Figure pat00021

Channel coding bits

Figure pat00195
May be generated by Equation 9.

Figure pat00196

Where i = 0, 1, 2,... Satisfies B-1.

Table 11 shows an Uplink Control Information (UCI) field for wideband reporting (single antenna port, transmit diversity or open loop spatial multiplexing PDSCH) CQI feedback.

Figure pat00197

Table 12 shows the UCI fields for CQI and PMI feedback for broadband, which reports closed loop spatial multiplexing PDSCH transmissions.

Figure pat00024

Table 13 shows a UCI field for RI feedback for wideband reporting.

Figure pat00025

19 illustrates PRB allocation. As shown in FIG. 19, the PRB may be used for PUCCH transmission in slot n s .

A multicarrier system or a carrier aggregation system refers to a system that aggregates and uses a plurality of carriers having a band smaller than a target bandwidth for wideband support. When a plurality of carriers having a band smaller than the target band is aggregated, the band of the aggregated carriers may be limited to the bandwidth used by the existing system for backward compatibility with the existing system. For example, the existing LTE system supports bandwidths of 1.4, 3, 5, 10, 15, and 20 MHz, and the LTE-Advanced (LTE-A) system improved from the LTE system only uses bandwidths supported by LTE. It can support bandwidth greater than 20MHz. Alternatively, a new bandwidth can be defined to support carrier aggregation regardless of the bandwidth used by the existing system. Multicarrier is a name that can be used interchangeably with carrier aggregation and bandwidth aggregation. In addition, carrier aggregation collectively refers to both contiguous and non-contiguous carrier merging.

20 is a diagram illustrating a concept of managing downlink component carriers in a base station, and FIG. 21 is a diagram illustrating a concept of managing uplink component carriers in a terminal. For convenience of explanation, hereinafter, the upper layers will be briefly described as MACs in FIGS. 20 and 21.

22 illustrates a concept in which one MAC manages multicarriers in a base station. 23 illustrates a concept in which one MAC manages multicarriers in a terminal.

22 and 23, one MAC manages and operates one or more frequency carriers to perform transmission and reception. Frequency carriers managed in one MAC do not need to be contiguous with each other, which is advantageous in terms of resource management. In FIG. 22 and FIG. 23, one PHY means one component carrier for convenience. Here, one PHY does not necessarily mean an independent radio frequency (RF) device. In general, one independent RF device means one PHY, but is not limited thereto, and one RF device may include several PHYs.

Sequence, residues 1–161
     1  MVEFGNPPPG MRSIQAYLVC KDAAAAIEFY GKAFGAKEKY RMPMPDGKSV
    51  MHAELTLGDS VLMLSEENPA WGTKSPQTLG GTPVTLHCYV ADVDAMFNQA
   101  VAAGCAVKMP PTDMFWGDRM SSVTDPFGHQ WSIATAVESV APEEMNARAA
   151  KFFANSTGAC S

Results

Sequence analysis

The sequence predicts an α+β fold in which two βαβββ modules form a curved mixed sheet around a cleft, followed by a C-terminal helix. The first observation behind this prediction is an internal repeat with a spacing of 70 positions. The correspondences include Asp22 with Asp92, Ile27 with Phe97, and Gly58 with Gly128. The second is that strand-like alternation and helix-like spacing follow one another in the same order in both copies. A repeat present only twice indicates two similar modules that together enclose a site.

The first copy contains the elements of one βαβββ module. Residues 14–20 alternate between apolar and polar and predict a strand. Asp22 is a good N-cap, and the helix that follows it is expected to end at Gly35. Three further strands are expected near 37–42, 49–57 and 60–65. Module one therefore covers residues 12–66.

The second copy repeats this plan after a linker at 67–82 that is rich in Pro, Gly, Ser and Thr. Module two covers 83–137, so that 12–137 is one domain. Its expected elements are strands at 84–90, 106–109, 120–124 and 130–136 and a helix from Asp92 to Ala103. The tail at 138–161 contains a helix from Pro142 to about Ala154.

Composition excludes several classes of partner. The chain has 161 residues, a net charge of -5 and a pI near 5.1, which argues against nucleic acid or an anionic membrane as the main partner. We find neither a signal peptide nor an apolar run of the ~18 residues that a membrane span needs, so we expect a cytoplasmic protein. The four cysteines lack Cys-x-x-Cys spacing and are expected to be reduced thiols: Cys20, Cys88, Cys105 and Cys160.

24 illustrates a concept in which a plurality of MACs manages multicarriers in a base station. 25 illustrates a concept in which a plurality of MACs manage a multicarrier in a terminal. 26 illustrates another concept in which a plurality of MACs manages multicarriers in a base station. 27 illustrates another concept in which a plurality of MACs manage a multicarrier in a terminal.

In addition to the structures illustrated in FIGS. 22 and 23, as shown in FIGS. 24 to 27, multiple carriers may control several carriers instead of one MAC.

As shown in FIGS. 24 and 25, each carrier may be controlled by one MAC, and as shown in FIGS. 26 and 27, each carrier is controlled by one MAC and one by one for some carriers. One or more carriers can be controlled by one MAC.

The above system is a system comprising a plurality of carriers from 1 to N, and each carrier can be used adjacent or non-contiguous. This can be applied to the uplink / downlink without distinction. The TDD system is configured to operate N multiple carriers including downlink and uplink transmission in each carrier, and the FDD system is configured to use multiple carriers for uplink and downlink, respectively. In the case of the FDD system, asymmetric carrier merging may be supported in which the number of carriers and / or the bandwidth of the carriers are merged in uplink and downlink.

When the number of component carriers aggregated in the uplink and the downlink is the same, it is possible to configure all the component carriers to be compatible with the existing system. However, component carriers that do not consider compatibility are not excluded from the present invention.

Hereinafter, for convenience of description, when the PDCCH is transmitted on the downlink component carrier # 0, the PDSCH is described on the assumption that it is transmitted on the downlink component carrier # 0, but cross-carrier scheduling is applied. It is apparent that the corresponding PDSCH can be transmitted on another downlink component carrier. The term “component carrier” may be replaced with another equivalent term (eg cell).